Punch Brothers are the quintet of mandolinist Chris Thile, guitarist Chris Eldridge, bassist Paul Kowert, banjoist Noam Pikelny and violinist Gabe Witcher. Says the Washington Post, "With enthusiasm and experimentation, Punch Brothers take bluegrass to its next evolutionary stage, drawing equal inspiration from the brain and the heart." Their upcoming album, All Ashore, is out July 20 on Nonesuch Records. All Ashore follows Punch Brothers’ critically acclaimed T Bone Burnett–produced 2015 release, The Phosphorescent Blues, of which NPR said, “Punch Brothers sing of distraction and isolation in the digital age...the sound is all their own.” For All Ashore, the quintet again attempt to make sense of the world around them.
As Thile says, the album is “a meditation on committed relationships in the present day, particularly in the present climate.” He continues, “We were hoping to create something that would be convincing as a complete thought, in this case as a nine-movement, or nine-piece, thought. Though it’s rangy in what it’s talking about, and in the characters who are doing the talking…”
Punch Brothers returned to the same room at United Recording Studios in Hollywood (formerly Ocean Way) where they had recorded both The Phosphorescent Blues and their 2010 Jon Brion–produced Antifogmatic. Thile says they felt they had “established a rapport” with the space; the same “level of trust and love that breeds confidence” also led them to produce the album themselves, for the first time.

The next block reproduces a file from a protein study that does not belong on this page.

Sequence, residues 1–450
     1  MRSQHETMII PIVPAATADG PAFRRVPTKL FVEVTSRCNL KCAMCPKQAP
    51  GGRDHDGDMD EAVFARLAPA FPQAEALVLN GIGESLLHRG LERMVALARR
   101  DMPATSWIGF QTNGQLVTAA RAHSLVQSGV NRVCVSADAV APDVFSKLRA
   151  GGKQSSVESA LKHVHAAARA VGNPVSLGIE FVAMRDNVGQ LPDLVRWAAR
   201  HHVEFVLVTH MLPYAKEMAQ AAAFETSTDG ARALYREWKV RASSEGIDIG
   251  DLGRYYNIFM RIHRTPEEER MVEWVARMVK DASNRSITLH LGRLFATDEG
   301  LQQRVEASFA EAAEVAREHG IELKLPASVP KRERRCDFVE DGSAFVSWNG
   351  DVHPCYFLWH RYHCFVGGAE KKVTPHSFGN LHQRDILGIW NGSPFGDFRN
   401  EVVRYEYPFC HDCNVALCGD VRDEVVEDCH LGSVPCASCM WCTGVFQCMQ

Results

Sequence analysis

“After four previous experiences we felt like we knew what we wanted. Going in we knew what we needed it to sound like and I think we had a specific enough vision to make the reality match up with that— as opposed to having someone navigate us toward something,” Thile explains. “Also, T Bone last time around, with engineer Mike Piersante, led us to a sonic place where we knew we wanted to be again.”
Punch Brothers formed in 2006. Its first Nonesuch record, Punch, was released in 2008 and combined elements of the band’s many musical interests. In 2009, they began a residency at NYC’s intimate club, The Living Room, trying out new songs and ultimately spawning Antifogmatic (2010). In 2012, the band released Who’s Feeling Young Now?, which Q praised for its ‘astonishing, envelope-pushing vision’, while Rolling Stone said, ‘The acoustic framework dazzles – wild virtuosity used for more than just virtuosity.’
Recently, Chris Thile took over hosting duties of Live from Here (formerly A Prairie Home Companion) in 2016 and released Thanks for Listening in late 2017 – a collection of songs written for Chris’ popular radio show.